Multiple terms for same concept

In English computing terminology, it is not unusual to have several terms for the same concept, arising from different commerical or academic backgrounds.

An example familiar to everyone is "ATM" vs "cash dispenser" vs "cash machine".  What we don't need in Irish is a literal translation of each of these terms.  What we do need is one term for the idea, and I suggest the simplest, "inneall airgid".

Similar examples abound in computing.

For a formal subdivision of a program:

For a unitary order to the computer:

For a situation where more than one set of instructions may be processed at once:

For an operating system interface which accepts and analyses typed instructions:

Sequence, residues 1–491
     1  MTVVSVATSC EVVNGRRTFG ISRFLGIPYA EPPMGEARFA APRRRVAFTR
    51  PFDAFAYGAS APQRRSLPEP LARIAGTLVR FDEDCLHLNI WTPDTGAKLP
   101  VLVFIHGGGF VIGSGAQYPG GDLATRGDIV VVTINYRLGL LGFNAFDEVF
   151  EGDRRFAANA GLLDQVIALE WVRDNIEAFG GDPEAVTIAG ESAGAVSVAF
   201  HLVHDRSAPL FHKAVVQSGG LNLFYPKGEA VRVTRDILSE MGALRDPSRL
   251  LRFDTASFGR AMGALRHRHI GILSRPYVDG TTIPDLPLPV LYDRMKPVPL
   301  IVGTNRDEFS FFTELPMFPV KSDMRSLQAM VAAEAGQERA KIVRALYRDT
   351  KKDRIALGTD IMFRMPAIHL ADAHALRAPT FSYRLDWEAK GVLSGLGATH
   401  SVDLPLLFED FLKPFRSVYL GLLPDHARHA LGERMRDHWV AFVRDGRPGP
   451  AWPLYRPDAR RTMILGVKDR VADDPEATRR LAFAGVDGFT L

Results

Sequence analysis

It seems obvious enough that a consciously-designed terminology, in any language, should have only a single name for a concept. Anything else is just making the subject unnecessarily difficult to learn.

But in cases like this, we invariably find each English term provided with a root-translation into Irish; for example:

To expand on the first group: in learning programming through Irish, one Irish term for the concept of subprogram is necessary in order to talk about it; and all four English terms must be learned in order to be used as keywords in writing programs. But what use four (or three) Irish terms are for any purpose, pedagogical or practical, is unclear.

Ciarán Ó Duibhín
Úraithe 2006/06/14
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